New York’s legislature Thursday voted to approve changes to the arts and culture laws surrounding live event ticketing, adding a requirement that ticket sellers use “all-in” pricing up front with consumers that include all fees to be charged. Other changes on tap with the laws include a requirement that ticket resellers publish a “face value” with ticket listings, and higher penalties for those found to be using automated “bot” programs to purchase tickets. The law will be valid through 2025 if it is signed by the Governor.
Senator James Skoufis authored the bill that made its way through the Senate, while Assemblyman Daniel O’Donnell championed the updated legal framework in the state’s other chamber. Both celebrated its passage on Friday, citing it as full of improvements for consumers in the state, particularly important with live entertainment on the rebound following the lengthy COVID-related halt.
“New York is the epicenter of the entertainment world, and making sure artists, performers, and venues can reach fans and sell tickets is essential to their work,” says Assemblyman O’Donnell in a release issued Friday following the bill’s passage. “I am very proud of this legislation, which creates a fair playing field for all those in the industry, and makes sure event goers have transparent and easy access to tickets and protections against bad actors. For shows big and small, and from theater to music to sports and more, this legislation keeps live events in New York booming, and ready to step back into the spotlight.”
Sen. Skoufis had championed a number of additional consumer-friendly updates to New York law when his bill was initially drafted in 2021, but most did not make it through the lobbying process, which see companies like Live Nation Entertainment spend enormous sums to make sure its marketplace dominance aren’t challenged.
According to a press release from Sen. Skoufis, most legislators had sought a straight extension of the existing laws, as happened in 2021. So while the bill did not achieve a number of the initial objectives he proposed after hearings probing the industry held last year, the net result was a strong positive for New York consumers.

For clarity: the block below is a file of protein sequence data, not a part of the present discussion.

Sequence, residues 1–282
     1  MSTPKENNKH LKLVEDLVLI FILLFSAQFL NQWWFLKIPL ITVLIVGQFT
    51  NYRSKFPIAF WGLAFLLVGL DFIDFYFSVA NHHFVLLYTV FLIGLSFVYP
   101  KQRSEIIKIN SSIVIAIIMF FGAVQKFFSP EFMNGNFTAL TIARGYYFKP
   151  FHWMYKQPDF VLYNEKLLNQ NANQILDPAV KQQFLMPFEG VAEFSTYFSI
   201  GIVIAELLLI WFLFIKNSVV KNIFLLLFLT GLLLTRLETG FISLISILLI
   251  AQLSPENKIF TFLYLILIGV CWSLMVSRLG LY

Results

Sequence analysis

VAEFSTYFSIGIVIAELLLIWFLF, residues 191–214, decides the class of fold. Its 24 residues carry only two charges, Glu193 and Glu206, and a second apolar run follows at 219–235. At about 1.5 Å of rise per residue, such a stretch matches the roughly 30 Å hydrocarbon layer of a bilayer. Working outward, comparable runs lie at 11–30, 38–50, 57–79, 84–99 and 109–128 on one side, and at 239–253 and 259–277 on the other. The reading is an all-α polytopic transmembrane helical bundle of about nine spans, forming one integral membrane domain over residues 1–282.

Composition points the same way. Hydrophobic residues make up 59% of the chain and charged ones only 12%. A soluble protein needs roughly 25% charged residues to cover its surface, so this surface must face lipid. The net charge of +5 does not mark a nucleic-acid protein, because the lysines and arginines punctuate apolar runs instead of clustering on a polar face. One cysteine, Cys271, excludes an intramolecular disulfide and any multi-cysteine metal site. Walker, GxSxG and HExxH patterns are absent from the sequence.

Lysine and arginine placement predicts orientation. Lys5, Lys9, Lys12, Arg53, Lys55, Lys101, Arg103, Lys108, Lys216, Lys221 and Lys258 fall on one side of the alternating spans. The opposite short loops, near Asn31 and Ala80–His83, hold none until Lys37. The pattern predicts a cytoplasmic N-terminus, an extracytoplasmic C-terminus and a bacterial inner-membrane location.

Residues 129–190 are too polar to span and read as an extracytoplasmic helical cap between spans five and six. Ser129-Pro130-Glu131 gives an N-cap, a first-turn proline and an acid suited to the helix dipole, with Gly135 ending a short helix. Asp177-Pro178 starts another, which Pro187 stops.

“This has been a long, uphill battle, but we got the job done on behalf of consumers,” said Senator Skoufis. “Concert goers, theater lovers, and sports fans deserve to know exactly how much these sellers are charging when they decide to part with their hard-earned dollars. I’ve heard countless stories from constituents about the exorbitant, deceitful fees charged by mega retailers like Ticketmaster or Stubhub, and had first-hand experiences myself, and these reforms will help New Yorkers enjoy a night out or a big playoff game without much of the ticket buying heartache.”
The all-in pricing factor is a big one, as many have pointed to the practice of hiding unavoidable ticket fees until the last stage of a transaction to be a major consumer issue in ticketing. It was a centerpiece of the discussion at the 2019 FTC workshop on ticketing, and many ticket marketplaces have already at least begun to offer consumers a toggle to view prices including all fees by default (with notable exceptions like Vivid Seats, which was recently sued in California for its hiding of fees until the last step of a purchase).
Consumer advocates lauded the changes made in the release from Sen. Skoufis’ office.
“Live event fans in New York won today thanks to the leadership of pro-consumer legislators like Senator Skoufis,” said John Breyault, Vice President of Public Policy, Telecommunications and Fraud at the National Consumers League. “This bill’s first-in-the-nation all-in pricing requirements will finally stop giant ticketing companies from hiding the true cost of a ticket and surprising fans with huge fees at the end of a transaction.”
“Hidden fees can increase the price of an event ticket by as much as 30 to 40 percent,” said Chuck Bell, Advocacy Programs Director for Consumer Reports. “These common sense consumer protections for ticket buyers are long overdue and will help ensure pricing is fair and transparent. We urge Governor Hochul to sign this measure into law so ticket sellers can no longer hide extra fees until the very end of the ticket buying process.”
The face value provision may prove more mixed in reception, as the entire concept of face value seems to have been jettisoned in favor of a dynamic ticket pricing system put in place by primary marketplaces like Ticketmaster, which gauge demand, then surge prices based on what their algorithms and consumer data tell them is the maximum a consumer might pay at that given moment.
The bill is available for review here. It will go into effect later this year if signed by Governor Hochul.